It’s almost worth the rule on its own, isn’t it? If you decided that straight track betting was not for you, I’d say it was probably a wise decision. It’s not a rule of survival because there aren’t enough of them to worry about, but it might be worth your while making a note of any straight track bets you have, then analysing things at the end of 2007.  Even after all my years, I think I’ll do it myself!

Wide barriers are never an advantage. In most cases they cost the horse its chance. All you really have to do is draw a vertical line on a piece of paper. Enter the numbers 1 to 18 from the top of the page to the bottom of the page, underneath each other.

If you want to go completely mad, you can get one of those Brisbane novices where they start 21 or so, but we’ll settle for 18. Now simply imagine that that’s the starting gate and that the number 1 is closest to the rails. Imagine the horses jump.  Forget everything else; just assume that we have a case of equality here.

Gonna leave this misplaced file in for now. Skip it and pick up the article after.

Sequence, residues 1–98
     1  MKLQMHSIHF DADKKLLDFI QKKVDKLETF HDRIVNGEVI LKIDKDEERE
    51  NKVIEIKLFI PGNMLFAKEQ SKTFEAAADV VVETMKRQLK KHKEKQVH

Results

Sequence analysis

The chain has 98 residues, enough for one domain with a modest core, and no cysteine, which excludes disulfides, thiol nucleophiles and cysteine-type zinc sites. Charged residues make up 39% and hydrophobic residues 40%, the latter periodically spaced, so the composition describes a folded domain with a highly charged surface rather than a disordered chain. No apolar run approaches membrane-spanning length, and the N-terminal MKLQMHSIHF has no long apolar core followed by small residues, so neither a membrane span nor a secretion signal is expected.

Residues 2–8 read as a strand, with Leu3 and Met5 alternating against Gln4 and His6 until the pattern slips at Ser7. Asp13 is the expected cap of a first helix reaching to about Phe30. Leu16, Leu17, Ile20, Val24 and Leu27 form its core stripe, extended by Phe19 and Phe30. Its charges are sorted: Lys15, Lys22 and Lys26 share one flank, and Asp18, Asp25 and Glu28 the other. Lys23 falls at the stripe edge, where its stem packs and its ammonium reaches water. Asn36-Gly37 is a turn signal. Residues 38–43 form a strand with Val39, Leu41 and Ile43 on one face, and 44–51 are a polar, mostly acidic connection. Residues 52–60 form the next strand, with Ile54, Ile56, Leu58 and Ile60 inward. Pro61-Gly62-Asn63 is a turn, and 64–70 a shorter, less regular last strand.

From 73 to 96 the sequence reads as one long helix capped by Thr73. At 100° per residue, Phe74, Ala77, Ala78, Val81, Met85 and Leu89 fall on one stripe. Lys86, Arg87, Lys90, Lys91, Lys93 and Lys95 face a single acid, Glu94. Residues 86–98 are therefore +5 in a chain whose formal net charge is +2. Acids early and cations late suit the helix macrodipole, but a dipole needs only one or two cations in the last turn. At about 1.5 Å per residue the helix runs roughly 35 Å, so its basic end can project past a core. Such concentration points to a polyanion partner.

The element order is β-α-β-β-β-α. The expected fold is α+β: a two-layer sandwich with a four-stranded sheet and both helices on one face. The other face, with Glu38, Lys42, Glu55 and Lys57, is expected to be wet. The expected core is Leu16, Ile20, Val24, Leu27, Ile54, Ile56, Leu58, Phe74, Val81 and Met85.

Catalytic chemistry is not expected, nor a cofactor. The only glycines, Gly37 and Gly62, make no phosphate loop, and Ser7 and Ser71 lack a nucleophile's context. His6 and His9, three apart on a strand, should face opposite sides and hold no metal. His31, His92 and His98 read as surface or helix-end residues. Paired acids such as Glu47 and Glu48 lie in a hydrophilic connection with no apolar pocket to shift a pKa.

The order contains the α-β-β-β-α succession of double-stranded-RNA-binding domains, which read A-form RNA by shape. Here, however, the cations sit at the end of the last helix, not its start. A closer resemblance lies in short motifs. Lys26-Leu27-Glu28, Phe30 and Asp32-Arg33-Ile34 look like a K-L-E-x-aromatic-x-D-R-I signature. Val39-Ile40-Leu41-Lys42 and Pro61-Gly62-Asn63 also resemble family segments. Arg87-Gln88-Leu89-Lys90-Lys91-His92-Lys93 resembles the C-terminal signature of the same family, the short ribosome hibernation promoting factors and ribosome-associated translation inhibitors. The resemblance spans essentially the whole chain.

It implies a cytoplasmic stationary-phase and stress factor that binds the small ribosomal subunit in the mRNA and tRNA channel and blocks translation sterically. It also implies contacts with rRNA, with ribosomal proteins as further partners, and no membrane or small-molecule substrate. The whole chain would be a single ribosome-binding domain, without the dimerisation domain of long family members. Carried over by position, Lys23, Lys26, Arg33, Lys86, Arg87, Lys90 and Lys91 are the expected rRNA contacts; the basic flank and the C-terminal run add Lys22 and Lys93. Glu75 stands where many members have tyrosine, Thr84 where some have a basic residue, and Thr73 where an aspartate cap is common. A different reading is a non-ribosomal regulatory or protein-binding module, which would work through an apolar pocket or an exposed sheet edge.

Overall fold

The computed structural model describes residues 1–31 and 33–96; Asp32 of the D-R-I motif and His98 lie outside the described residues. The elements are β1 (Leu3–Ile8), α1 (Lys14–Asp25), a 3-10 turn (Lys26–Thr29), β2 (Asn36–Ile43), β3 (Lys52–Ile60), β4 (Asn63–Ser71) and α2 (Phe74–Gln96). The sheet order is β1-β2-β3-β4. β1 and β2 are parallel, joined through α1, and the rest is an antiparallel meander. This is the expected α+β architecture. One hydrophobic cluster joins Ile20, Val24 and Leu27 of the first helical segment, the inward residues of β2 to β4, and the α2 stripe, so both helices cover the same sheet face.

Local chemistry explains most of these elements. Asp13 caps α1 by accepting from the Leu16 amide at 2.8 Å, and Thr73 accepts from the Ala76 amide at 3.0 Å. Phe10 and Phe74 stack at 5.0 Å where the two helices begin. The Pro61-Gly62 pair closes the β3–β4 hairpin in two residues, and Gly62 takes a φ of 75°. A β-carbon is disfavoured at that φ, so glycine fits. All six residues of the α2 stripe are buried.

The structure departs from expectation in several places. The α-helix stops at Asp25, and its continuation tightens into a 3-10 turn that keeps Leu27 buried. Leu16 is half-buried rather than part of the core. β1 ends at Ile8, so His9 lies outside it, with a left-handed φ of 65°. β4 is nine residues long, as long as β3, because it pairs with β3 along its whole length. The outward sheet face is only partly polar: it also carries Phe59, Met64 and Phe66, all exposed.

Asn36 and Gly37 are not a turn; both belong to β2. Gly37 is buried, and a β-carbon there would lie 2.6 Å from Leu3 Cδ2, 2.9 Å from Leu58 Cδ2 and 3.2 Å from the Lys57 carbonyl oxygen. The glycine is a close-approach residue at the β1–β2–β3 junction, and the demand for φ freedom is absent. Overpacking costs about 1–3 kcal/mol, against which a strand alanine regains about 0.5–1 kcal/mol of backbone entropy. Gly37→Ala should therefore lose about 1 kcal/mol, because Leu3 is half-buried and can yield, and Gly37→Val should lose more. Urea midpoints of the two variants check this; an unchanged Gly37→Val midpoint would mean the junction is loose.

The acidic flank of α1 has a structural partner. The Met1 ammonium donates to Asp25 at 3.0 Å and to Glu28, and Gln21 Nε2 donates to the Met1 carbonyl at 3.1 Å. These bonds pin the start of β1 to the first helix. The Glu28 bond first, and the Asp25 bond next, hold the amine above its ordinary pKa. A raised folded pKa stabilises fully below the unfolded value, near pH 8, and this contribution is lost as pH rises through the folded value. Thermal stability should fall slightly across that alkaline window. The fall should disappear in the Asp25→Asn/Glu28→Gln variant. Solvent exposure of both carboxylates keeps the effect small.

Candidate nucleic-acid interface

It’s perfectly obvious to anybody that those horses out there in the high numbers are going to have one heck of a job to take up a position early. If they try to go forward, unless they have supersonic speed they won’t get across.

Even if they try to get back, they will suffer from being reefed across by their riders who are trying to find a position as near as possible to the rails. Once again I point out that I’ve got enough to do finding winners without trying to work out if my horse can get into a position.

There are situations where this doesn’t matter, so I’m told. Some of my friends who make money maintain that the barriers play a very small part in staying races. I’m not convinced. I think if you want to survive long-term, the easiest way to do it is to simply swear off any horse that is outside, for argument’s sake, barrier 10.